China Will Increase Government Spending to Bolster Economy
China will expand government spending in 2024 through a combination of policy tools, Lan Foan, the country’s newly appointed finance minister, said as Beijing steps up efforts to stimulate domestic demand and shore up the economy.
The government will strengthen the overall coordination of fiscal resources, utilizing a combination of special bonds, national bonds, and other policy tools such as tax incentives and fiscal subsidies to moderately expand the scale of fiscal spending, Lan said in an interview published Thursday by official newspaper People’s Daily.
In 2024, the government will maintain a proactive fiscal policy with an appropriate level of fiscal spending increase to send positive signals, said Lan. In addition to a “certain level” of fiscal deficit, authorities will continue to set an “appropriate” quota for special purpose bonds — a key source of infrastructure investment for local governments — while keeping the overall government leverage ratio stable, said the minister.
“We will make sure the overall size of fiscal spending increases to play a better role stimulating domestic demand,” said Lan, a public finance specialist who became the finance minister in October.
Lan’s remark followed pledges by China’s top leadership’s pledges at a key policy meeting in December to spur domestic demand and strengthen macro policies with greater emphasis on economic growth.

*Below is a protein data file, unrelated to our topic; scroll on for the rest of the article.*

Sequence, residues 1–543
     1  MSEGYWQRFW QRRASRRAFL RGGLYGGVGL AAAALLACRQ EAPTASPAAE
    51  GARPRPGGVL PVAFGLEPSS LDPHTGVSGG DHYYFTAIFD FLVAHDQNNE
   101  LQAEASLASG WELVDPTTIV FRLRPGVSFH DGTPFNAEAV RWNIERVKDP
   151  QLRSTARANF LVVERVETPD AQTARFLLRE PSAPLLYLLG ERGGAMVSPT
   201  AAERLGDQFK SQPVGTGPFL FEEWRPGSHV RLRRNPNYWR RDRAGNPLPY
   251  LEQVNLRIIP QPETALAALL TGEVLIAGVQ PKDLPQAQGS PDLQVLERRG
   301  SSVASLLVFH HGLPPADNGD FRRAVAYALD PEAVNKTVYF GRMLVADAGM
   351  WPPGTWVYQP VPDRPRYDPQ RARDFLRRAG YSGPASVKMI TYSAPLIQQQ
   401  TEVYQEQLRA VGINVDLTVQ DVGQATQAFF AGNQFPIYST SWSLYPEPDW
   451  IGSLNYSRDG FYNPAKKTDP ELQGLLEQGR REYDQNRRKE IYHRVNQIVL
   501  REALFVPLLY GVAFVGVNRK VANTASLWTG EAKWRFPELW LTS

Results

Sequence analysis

The meeting, chaired by President Xi Jinping, sent signals that policymakers “decided to give more weight to development” as they “seem to be growing impatient with the sluggish growth,” economists at Macquarie Group Ltd. wrote in a note after the meeting.
The pro-growth policy calls come as policymakers struggle to lift China’s economy out of pandemic-induced doldrums while dealing with problems such as massive local government debts and a prolonged property market slump.
Economists expected more expansionary fiscal policy to be carried out in 2024, although to a more limited extent. UBS analysts led by Wang Tao, the bank’s chief China economist, predicted that the country will set a headline fiscal deficit-to-GDP ratio of 3.5% to 3.8% in 2024 — higher than the initial projection of 3% for 2023, which was later raised to 3.8% — and allocate a larger SPB quota.
Lan in the interview said, “the deficit ratio is an important indicator of macroeconomic policy” and the government has set the ratio at a reasonable range in recent years, while leaving room to address potential risks and challenges.
The central government will continue transferring funds to local authorities to help them meet basic spending needs, with poorer areas receiving preference, he added.
The special purpose bond is an important fiscal tool to support local authorities and expand investment, Lan said. Some economists expected this year’s special bond quota to be unchanged from last year at around 3.8 trillion yuan ($487 billion).
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